What many have NOT done is to determine the productivity levels, and set goals by department and employee. Topline metrics are important. But, measuring detail department productivity at a lower level, such as receiving carton by pallets per hour or a number of returns and units processed per hour, is where you begin to improve productivity. Investing in a labor-management system in conjunction with your warehouse management system is critical to more efficient labor utilization.
When you start looking at productivity by department (e.g. picking), you find that a small number of people may excel in their high pick rates. Developing department productivity statistics and by person will definitely improve production and reduce costs per unit of work.
Incentive Pay For Higher Productivity
An increasing number of warehousing operations are implementing incentives to increase production. Incentive pay should be based on engineered standards to be fair to the employee and keep increasing department efficiency. If standards and production achieved aren’t continually evaluated, you may end up paying for an incentive that you have gained over time. To learn more about incentive pay read this article.
Developments in automation have positively impacted a company’s ability to provide faster order turnaround, higher degrees of inventory and order accuracy, and decreased labor costs. Whether its goods to person technology, robotics, or even conveyor and sortation solutions, this technology has strong ROIs for a fair amount of distribution companies.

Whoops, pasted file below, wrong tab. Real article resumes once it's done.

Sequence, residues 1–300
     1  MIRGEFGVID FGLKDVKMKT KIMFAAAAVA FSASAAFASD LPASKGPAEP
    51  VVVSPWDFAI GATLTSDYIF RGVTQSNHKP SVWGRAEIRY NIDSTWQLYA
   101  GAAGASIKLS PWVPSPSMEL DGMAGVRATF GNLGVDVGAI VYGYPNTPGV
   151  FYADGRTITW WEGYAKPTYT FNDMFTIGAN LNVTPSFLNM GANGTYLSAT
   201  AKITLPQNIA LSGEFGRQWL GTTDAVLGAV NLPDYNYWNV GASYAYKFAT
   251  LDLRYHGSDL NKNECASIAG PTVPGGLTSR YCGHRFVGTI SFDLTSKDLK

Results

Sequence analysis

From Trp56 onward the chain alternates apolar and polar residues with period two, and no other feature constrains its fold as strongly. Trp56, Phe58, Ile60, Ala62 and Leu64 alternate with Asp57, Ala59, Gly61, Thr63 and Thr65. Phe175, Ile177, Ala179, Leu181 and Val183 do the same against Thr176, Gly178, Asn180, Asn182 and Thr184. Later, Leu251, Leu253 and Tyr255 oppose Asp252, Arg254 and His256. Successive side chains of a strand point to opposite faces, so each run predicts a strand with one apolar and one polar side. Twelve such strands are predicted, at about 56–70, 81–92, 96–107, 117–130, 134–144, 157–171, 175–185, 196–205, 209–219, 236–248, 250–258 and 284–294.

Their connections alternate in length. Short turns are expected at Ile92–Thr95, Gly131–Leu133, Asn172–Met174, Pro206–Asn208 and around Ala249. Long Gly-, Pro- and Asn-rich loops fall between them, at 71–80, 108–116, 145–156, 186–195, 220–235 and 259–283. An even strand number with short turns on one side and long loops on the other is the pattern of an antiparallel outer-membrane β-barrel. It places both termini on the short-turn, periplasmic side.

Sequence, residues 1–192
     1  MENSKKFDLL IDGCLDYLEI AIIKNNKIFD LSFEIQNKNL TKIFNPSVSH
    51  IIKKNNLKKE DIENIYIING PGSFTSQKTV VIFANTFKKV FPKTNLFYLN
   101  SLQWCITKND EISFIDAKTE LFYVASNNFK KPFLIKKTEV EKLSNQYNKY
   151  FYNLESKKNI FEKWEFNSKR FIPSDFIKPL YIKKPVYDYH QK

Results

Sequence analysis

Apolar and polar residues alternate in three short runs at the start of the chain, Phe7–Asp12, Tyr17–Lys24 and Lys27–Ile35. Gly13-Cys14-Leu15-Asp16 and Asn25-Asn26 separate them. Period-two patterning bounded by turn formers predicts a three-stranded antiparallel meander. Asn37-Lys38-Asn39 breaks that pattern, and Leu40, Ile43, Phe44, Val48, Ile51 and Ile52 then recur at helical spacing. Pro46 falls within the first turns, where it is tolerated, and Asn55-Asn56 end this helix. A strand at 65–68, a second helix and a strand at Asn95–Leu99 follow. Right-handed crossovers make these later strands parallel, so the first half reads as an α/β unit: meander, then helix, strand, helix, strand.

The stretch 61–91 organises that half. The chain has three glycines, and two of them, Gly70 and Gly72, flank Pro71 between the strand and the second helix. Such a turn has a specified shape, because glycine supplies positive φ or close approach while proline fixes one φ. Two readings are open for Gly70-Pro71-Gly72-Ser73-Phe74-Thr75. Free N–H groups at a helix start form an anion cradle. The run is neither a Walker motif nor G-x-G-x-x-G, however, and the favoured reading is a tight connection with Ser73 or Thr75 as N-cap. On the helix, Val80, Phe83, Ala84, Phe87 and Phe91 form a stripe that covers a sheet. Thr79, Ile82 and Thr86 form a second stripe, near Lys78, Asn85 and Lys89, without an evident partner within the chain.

Companies need to be clear on what they are trying to solve with technology, meaning reduce the FTE’s and labor cost, or increase inventory and order accuracy, or increase order throughput rates, etc. This then allows for a consistent comparison of technologies that satisfy these business requirements. Avoid going directly to a manufacturer as their attempt will be to try and fit your business into their specific offering. What may be best for your business might be a combination of different technologies and manufacturers.
Develop Action Plan
To offset these rising labor costs, companies must have an action plan to reduce expenses and not hurt company profits. FCBCO recommends six proven ways to drive down labor costs through efficiencies as well as the use of various technologies. Companies must constantly evaluate and adjust plans to coping with these challenges. Playing from behind is never a winning strategy and will often lead to higher employee turnover, including tenured employees and management, as the frustration can negatively impact this solid part of your workforce as well.
No two companies’ business environments are the same. Analyze the trends and what’s happening in your marketplace. Develop your own plan for reducing the increase in labor costs.